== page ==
A terrific horror movie made on a shoestring that displays more creativity and filmmaking panache than most mainstream horror jumpscare fests, It Follows is a film about sexual guilt, or perhaps just STDs. It’s essentially about a haunting that is sexually transmitted, and that manifests itself as a random assortment of humans that, expressionless, begin following you. If they catch up, you die. There is a gender and sexual politic at work in It Follows that could fill hundreds of essays, and there is ’80s retro style for days.
A Pigeon Sat on a Branch Reflecting on Existence
Before 2015 I was unfamiliar with Swedish filmmaker Roy Andersson, and I’m glad this was my introduction. A Pigeon Sat on a Branch Reflecting on Existence is like a slapstick Samuel Beckett epic about the absurd spirals we tend to walk in. It’s a time-hopping absurdist flick (one that doesn’t have too many pigeons in it, incidentally) that calls to mind Luis Buñuel and other cinematic tricksters.
The End of the Tour
No film captures the deadly sin of envy better than The End of the Tour. A biopic of celebrated hipster author David Foster Wallace, the film follows the author’s last book-signing tour and his relationship with Rolling Stone writer David Lipsky. This is a film that is very much about Wallace’s own philosophies (he felt that light entertainments were detrimental to one’s consciousness), but also about the weird, misguided relationships we have with our idols.
What We Do in the Shadows
Easily one of the funniest films of the year, What We Do in the Shadows is a mockumentary about a group of vampires picked to live in a dingy New Zealand flat to find out what happens when vampires stop being polite and start getting real. There’s nothing too novel about the concept, but the cast and the writers play with the material so deftly, you can’t help but give into the excellent comedy.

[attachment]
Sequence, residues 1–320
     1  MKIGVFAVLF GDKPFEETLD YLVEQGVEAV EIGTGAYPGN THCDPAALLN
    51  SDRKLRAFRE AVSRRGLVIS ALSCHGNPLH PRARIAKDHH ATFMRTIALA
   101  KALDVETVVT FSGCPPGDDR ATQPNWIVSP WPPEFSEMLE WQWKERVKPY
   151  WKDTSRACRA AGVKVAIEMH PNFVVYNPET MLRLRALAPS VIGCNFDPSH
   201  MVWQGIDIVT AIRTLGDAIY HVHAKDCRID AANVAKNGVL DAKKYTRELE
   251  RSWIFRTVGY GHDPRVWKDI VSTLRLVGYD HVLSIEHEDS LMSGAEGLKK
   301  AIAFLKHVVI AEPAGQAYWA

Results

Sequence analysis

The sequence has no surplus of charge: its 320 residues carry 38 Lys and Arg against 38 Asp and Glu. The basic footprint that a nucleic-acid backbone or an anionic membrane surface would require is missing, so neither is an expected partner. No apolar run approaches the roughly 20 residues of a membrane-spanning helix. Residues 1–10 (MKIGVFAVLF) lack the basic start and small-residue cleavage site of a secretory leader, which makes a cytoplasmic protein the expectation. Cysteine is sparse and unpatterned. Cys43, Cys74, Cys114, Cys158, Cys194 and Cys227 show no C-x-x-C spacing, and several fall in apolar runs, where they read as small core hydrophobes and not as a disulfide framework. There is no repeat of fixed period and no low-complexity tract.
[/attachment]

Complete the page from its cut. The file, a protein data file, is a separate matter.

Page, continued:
One man has created an artificially intelligent robot, and another man has been selected to test the authenticity of that intelligence. The robot in question looks like a comely woman who, over the course of the film, begins lying and pleading for freedom. Is this a story of the way our intelligence works, or is it an accurate parable about the way misogynists think about women? Is this robot woman much more than an elaborate sex toy?
A 100% accurate depiction of what it’s like to attend college, Noah Baumbach’s Mistress America captures the experience of becoming enamored with an older, more sophisticated adult when you are just finding your own footing. And while that relationship can be rewarding, it’s also fraught with ego; such human whirlwinds are – in actuality – rarely as strong or as interesting as you think. It’s a film about growing up… once you’re 30. It’s about developing character. It’s one of the best films of the year.
Top Photo: Madman Entertainment
Witney Seibold is a contributor to the CraveOnline Film Channel, and co-host of The B-Movies Podcast. He also contributes to Legion of Leia, The Robot’s Voice, and Blumhouse. You can follow him on “Twitter” at @WitneySeibold, where he is slowly losing his mind.